Lavished with Grace
I was asked to share a message in morning devotions today and I thought I would share some of my thoughts here. It was about grace. God’s ridiculously generous largess in forgiving a depraved world; civilizations that have rejected him, one so sick he destroyed the earth and started over; countries that rejected him and slaughtered millions of his people; families that have rejected him all over the world; Christian children that grow up and toss their childhood faith into the trash because it’s so old fashioned, so limiting, so narrow. I would like to suggest that what is narrow is the world’s thinking; that what is in fact, deep and wide and all-embracing is God’s love for us, his outlandish willingness to give his own life for ours.
Why would he do that? We don’t understand why, but we read that he created us as compatible beings, in his image, giving us the ability to relate to him on a personal level. He wants our friendship, our companionship enough that he gave his one and only perfect Son to take the penalty for his beloved billions of imperfect creations. What a wonder! Everyone can accept this wonderful gift, but not everyone does.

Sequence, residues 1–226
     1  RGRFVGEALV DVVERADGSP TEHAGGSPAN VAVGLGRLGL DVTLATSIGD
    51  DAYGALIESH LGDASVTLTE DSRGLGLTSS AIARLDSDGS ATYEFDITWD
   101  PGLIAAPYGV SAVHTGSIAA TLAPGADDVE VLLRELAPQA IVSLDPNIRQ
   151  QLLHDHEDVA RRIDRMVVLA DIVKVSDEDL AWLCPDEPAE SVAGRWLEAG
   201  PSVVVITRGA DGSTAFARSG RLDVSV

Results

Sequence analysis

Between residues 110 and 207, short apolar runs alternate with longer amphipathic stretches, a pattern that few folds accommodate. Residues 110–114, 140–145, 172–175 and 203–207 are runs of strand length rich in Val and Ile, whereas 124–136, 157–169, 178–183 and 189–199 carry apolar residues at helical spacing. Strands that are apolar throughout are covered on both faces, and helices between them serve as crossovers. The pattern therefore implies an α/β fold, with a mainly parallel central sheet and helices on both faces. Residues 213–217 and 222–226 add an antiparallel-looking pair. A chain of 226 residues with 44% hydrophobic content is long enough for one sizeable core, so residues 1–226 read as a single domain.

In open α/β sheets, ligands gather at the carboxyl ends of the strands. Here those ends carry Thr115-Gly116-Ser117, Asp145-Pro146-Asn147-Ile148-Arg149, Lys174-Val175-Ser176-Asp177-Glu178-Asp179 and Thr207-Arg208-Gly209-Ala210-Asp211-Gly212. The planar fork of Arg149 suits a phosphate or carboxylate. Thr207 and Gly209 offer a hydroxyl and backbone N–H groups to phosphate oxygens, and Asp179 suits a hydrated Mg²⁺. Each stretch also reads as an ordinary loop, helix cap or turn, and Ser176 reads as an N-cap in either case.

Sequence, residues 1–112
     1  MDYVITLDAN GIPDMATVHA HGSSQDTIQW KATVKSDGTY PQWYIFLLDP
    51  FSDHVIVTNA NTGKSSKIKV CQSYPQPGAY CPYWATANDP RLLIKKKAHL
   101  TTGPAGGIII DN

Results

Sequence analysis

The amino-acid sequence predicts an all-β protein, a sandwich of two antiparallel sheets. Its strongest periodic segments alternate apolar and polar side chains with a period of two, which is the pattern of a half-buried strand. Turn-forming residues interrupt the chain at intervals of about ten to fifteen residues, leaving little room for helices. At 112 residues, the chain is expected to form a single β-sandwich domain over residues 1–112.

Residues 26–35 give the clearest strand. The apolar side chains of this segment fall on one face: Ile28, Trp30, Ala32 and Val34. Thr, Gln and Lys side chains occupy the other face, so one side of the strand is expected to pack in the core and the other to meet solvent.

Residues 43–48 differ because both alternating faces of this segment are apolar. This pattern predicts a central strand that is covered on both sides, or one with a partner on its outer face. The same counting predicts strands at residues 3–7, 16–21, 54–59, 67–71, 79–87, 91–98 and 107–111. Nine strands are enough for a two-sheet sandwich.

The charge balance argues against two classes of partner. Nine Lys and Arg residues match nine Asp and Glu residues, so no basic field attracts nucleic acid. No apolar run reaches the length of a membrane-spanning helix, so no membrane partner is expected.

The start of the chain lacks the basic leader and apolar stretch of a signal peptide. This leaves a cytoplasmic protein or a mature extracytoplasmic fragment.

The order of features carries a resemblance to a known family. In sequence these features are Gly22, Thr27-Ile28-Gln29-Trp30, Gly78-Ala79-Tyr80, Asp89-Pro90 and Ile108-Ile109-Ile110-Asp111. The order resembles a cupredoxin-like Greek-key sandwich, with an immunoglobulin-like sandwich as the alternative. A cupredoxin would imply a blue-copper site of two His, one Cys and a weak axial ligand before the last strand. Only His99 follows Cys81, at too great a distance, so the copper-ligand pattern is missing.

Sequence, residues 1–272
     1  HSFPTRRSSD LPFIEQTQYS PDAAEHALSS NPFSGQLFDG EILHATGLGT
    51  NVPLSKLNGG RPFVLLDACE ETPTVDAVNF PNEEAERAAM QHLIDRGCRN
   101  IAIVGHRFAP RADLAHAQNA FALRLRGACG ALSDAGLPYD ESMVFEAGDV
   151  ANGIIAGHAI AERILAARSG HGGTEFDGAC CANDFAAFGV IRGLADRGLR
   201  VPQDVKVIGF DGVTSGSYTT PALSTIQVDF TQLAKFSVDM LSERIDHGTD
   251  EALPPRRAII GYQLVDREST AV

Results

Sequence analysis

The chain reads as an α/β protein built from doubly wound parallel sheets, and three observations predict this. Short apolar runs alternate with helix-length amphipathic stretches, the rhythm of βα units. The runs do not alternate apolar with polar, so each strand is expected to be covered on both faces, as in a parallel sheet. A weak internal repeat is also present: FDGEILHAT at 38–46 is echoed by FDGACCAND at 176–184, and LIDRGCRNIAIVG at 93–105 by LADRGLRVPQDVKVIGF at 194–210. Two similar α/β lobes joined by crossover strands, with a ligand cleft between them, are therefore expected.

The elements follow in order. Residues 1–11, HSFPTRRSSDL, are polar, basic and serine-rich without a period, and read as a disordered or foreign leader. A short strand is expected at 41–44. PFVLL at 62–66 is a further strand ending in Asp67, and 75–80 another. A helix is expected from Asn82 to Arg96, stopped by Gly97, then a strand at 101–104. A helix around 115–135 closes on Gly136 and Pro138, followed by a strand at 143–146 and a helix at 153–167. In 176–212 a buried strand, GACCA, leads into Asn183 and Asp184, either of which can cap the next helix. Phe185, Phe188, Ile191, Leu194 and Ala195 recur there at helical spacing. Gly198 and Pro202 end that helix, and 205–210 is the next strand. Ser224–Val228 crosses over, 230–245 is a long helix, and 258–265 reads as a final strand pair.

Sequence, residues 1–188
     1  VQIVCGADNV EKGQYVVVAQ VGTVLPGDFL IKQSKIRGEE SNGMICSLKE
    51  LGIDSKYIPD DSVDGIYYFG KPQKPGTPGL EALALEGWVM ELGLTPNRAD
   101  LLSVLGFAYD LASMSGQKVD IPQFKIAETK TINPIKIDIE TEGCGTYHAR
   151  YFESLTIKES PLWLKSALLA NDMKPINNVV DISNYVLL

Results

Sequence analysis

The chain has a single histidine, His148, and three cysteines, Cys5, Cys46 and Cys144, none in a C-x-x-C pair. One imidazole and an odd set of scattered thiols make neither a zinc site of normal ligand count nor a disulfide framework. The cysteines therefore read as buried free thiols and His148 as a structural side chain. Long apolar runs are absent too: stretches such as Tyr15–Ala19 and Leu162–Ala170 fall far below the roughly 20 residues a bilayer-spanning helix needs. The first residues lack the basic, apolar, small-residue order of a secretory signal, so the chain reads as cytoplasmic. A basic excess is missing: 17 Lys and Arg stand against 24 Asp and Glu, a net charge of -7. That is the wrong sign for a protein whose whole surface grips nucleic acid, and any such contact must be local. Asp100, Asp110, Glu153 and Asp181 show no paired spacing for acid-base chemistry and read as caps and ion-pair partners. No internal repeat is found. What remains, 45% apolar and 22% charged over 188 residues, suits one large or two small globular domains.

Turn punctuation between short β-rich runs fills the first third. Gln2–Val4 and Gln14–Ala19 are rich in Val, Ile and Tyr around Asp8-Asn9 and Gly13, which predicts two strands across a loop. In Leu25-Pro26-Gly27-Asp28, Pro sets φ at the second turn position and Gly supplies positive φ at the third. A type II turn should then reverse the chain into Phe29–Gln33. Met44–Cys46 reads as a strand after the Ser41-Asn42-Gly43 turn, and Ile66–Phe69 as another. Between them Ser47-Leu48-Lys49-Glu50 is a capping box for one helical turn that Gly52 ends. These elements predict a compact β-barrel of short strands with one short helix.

What of those? How do we relate to unbelievers, to governments who rage against our faith, to cultures that scorn us, to workplaces who mock us, to our loved ones who isolate themselves from us and sometimes deny us. Are we better than they are? Do we have a platform to stand on and proclaim our righteous superiority? No, the Bible makes it clear that we are no better. “You, therefore, have no excuse, you who pass judgment on someone else, for at whatever point you judge the other, you are condemning yourself, because you who pass judgment do the same things.” (Rom. 2:1) The scriptures go on to say that we have all sinned and fall short (Rom. 3:23) but that we are justified freely by his grace through the redemption that came by Christ Jesus. God presented him as a sacrifice of atonement, through faith in his blood. (Rom. 3:24-25).
We sing that God is our Father, that Jesus is our friend and that is true. But we caused none of it; we earned none of it. It is all a gift from God, himself, an unprecedented, bizarre gift that was so unthinkable even God’s spiritual nemesis didn’t see it coming.
So, how should we live? We should love, as Jesus commanded. Love those who do not love us back, love those who hate us, love those who do us wrong. Jesus lived like that. He hung out with sinners, he criticized the self-righteous, he said he’d come to seek and to save the lost. While some believed, others did not. Some hated him enough to kill him. But it was all part of his unimaginable plan of redemption. He lives on now and forever and we will live on with him. This is how we should live; just like he did, lavishing God’s love and grace on those whom we touch each day.